faces of a cube.  This reconfigurable volumetric array configuration allows beam steering to be achieved in three dimensions, without the degradation usually associated with conventional planar arrays.


In example reconfigurable antennas according to the present invention, adjustable capacitors are used for antenna tuning.  This reconfigurable antenna design methodology can support simultaneous tuning and beam steering in the azimuthal plane. 
For example, a 2.times.2 wire grid with only 11 adjustable capacitors was found to be sufficient to achieve these results.  Beam steering in three dimensions was accomplished by generalizing the design concept to a volumetric wire cube geometry with 47
adjustable capacitors.


FIG. 1 shows an example design for a planar reconfigurable cylindrical wire antenna.  The antenna comprises conducting electrical segments 14, in this example cylindrical wire segments, in electrical communication at intersection points such as
16.  An adjustable capacitor 12 is located at approximately the center of an electrically conducting segment.  The antenna feed is represented by symbol 10, which typically corresponds to a remote source of electromagnetic energy linked to the antenna by
a waveguide or cable.  As illustrated, each wire segment is generally straight, terminated at each end by an intersection point.  An intersection point is a location where two or more segments come into electrical communication.


The 2.times.2 reconfigurable planar wire grid antenna can be operated in free space.  Adjustable capacitors are placed in the centers of 11 of the 12 cylindrical wire segments that comprise the grid arrangement.  The center of the 12.sup.th
segment, located on the edge of the grid, is reserved for the antenna feed 10.  An antenna size (L.sub.x.times.L.sub.y) of 4 cm.times.4 cm was used for this design in order to provide optimal tunability near 2400 MHz.  These dimensions equate to
electrical lengths of 0.320.lamda.  at 2400 MHz, 0.267.lamda.  at 2000 MHz, and 0.213.lamda.  at 1600 MHz.


The values of the adjustable capacitors were constrained to lie between 0.1 pF and 1.0 pF.  These capacitors were then adjusted using a robust Genetic Algorithm (GA) optimization technique in order to achieve the desired performance
characteristics for the antenna.  Each capacitor value was encoded in a binary string, and these values were appended to form a chromosome.  The fitness of each antenna was evaluated from the gain and input impedance values calculated via full-wave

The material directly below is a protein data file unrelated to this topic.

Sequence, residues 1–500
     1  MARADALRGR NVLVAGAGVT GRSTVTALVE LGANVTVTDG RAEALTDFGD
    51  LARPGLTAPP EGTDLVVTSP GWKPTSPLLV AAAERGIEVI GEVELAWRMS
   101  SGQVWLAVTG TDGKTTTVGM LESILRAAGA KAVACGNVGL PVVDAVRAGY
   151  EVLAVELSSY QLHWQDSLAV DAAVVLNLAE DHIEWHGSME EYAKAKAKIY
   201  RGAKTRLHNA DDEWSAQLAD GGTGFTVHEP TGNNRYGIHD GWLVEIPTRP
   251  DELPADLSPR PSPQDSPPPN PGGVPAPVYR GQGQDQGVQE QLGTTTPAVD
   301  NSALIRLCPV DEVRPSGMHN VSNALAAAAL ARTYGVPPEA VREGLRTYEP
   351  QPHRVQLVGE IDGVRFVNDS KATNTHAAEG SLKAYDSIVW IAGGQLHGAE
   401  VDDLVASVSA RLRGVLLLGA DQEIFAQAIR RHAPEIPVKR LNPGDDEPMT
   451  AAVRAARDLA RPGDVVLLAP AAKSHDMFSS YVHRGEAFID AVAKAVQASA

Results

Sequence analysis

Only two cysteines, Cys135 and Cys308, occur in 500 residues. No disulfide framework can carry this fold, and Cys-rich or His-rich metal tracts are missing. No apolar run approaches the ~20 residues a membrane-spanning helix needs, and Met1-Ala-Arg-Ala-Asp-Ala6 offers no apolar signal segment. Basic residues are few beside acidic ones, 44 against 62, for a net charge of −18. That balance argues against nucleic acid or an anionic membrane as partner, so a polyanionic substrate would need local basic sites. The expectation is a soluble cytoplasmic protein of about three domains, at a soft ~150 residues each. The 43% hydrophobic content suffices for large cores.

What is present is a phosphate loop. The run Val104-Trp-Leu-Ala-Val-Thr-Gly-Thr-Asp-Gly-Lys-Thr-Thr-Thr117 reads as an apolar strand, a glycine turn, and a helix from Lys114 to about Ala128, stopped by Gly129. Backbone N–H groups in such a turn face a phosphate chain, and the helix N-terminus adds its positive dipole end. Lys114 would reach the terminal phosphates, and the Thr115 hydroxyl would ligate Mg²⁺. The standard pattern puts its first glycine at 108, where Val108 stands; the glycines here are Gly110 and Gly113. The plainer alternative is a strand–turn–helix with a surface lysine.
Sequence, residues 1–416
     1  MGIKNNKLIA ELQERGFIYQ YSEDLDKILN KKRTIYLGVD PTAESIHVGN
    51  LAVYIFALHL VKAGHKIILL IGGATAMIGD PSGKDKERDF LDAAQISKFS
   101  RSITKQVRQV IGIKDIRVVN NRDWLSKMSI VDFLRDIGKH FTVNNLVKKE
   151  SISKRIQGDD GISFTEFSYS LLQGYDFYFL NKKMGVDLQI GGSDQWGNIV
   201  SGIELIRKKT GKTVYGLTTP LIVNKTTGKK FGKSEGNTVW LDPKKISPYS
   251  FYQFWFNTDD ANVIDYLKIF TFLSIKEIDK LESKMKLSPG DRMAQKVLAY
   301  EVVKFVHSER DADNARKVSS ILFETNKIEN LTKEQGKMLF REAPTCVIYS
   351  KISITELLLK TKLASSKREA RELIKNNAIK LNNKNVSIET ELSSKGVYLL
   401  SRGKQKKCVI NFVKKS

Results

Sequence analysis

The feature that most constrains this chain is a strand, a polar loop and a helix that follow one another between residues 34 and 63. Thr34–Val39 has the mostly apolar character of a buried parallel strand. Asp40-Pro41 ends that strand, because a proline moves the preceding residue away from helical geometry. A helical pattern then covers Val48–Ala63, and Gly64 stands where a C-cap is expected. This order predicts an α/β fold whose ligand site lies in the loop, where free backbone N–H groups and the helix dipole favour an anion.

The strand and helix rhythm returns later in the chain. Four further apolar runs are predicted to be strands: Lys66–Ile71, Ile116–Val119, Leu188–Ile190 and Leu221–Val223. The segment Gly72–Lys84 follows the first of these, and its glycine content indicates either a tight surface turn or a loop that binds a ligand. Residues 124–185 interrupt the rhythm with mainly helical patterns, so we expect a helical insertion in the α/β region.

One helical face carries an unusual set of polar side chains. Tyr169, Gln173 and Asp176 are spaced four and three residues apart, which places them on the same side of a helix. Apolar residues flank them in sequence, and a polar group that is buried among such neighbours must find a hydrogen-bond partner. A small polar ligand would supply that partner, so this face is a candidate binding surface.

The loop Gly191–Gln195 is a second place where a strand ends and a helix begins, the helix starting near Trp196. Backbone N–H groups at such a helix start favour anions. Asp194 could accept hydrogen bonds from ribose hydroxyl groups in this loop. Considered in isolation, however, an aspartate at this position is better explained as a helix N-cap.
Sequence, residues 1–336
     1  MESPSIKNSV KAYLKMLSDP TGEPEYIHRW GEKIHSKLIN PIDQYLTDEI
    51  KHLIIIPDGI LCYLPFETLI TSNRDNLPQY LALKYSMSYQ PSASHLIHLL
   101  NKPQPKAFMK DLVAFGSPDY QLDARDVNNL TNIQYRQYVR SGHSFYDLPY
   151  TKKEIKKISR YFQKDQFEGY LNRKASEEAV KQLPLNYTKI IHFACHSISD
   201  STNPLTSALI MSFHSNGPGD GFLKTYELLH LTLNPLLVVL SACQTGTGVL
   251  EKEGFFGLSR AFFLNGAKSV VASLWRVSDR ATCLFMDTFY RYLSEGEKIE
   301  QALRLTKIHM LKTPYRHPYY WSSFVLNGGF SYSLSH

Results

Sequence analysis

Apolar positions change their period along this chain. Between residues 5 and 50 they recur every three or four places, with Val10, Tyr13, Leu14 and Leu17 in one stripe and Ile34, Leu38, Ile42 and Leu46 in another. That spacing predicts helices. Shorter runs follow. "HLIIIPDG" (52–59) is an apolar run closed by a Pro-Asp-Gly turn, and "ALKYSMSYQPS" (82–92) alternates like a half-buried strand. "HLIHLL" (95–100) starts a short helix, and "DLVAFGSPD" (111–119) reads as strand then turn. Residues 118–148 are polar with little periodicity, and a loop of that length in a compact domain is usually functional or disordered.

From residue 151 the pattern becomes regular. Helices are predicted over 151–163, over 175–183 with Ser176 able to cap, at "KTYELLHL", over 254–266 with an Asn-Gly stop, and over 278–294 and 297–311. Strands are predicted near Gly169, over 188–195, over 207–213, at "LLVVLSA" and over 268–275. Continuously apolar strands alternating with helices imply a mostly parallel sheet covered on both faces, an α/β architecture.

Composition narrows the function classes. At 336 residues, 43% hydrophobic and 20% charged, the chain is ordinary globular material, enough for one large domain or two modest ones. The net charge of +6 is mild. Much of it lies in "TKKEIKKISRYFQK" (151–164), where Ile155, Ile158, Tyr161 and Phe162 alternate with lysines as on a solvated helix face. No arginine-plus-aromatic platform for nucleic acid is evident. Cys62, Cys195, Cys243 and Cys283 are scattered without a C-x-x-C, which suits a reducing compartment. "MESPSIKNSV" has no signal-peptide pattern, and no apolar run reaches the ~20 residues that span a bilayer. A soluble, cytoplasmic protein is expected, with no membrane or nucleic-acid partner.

method of moments simulation.


Any 2.times.2 element planar reconfigurable antenna example can be generalized to an N.times.N configuration, which provides a more focused beam for applications that require a higher gain reconfigurable antenna.


FIG. 2 shows an example design for a planar reconfigurable ribbon antenna.  While the planar reconfigurable antenna design shown in FIG. 1 can be optimized relatively quickly for many performance goals, there are some applications where a
dielectric-loaded version of the antenna might be desired.  A 2.times.2 grid geometry was used with conducting ribbons replacing the cylindrical wires used in the example of FIG. 1.


The antenna comprises electrically conducting segments, such as 22, supported on a surface of a dielectric substrate 24.  In this example, the conducting segments were ribbons printed on the surface of the thin finite size dielectric substrate,
having ribbon width d. Antenna length and width are denoted L.sub.x and L.sub.y.


A dielectric substrate (e.g., glass) also provides a surface on which supporting components such as thin film transistors (TFTs) can be fabricated and tuning elements can be mounted.  In this example, the antenna source 20 and adjustable
capacitor locations are identical to those of the cylindrical wire version of the planar reconfigurable antenna of FIG. 1.


FIG. 3 shows an example design for a volumetric reconfigurable cylindrical wire antenna.  The volumetric reconfigurable antenna is based on a cubic geometry composed of forty-eight individual wire segments located on the surface of an imaginary
cube.  The figure shows the segments as lines, such as segment 46, the segments having intersection points such as 44.  An adjustable capacitor, represented by a filled circle such as 40, is placed at the center of all but one of these wire segments,
while the antenna feed 42 is assumed, for modeling purposes, to be located at the center of remaining segment.


In this example, each edge of the cube antenna measures 3.5 cm, which equates to an electrical length of 0.280.lamda.  at 2400 MHz.  The values of the adjustable capacitors were again constrained to lie between 0.1 pF and 1.0 pF.  However, these
and other optimization constraints are optional.  In this case a GA was used to determine the settings for each capacitor required to steer the beam of the antenna to any desired location in three-dimensional space.


Simulation Results--Planar Reconfigurable Cylindrical Wire Antenna


FIG. 4 shows the return loss of a planar reconfigurable cylindrical wire antenna optimized for dual band performance.  The bandwidths exceeded 100 MHz for both bands.  The antenna was optimized by tuning the capacitor values within the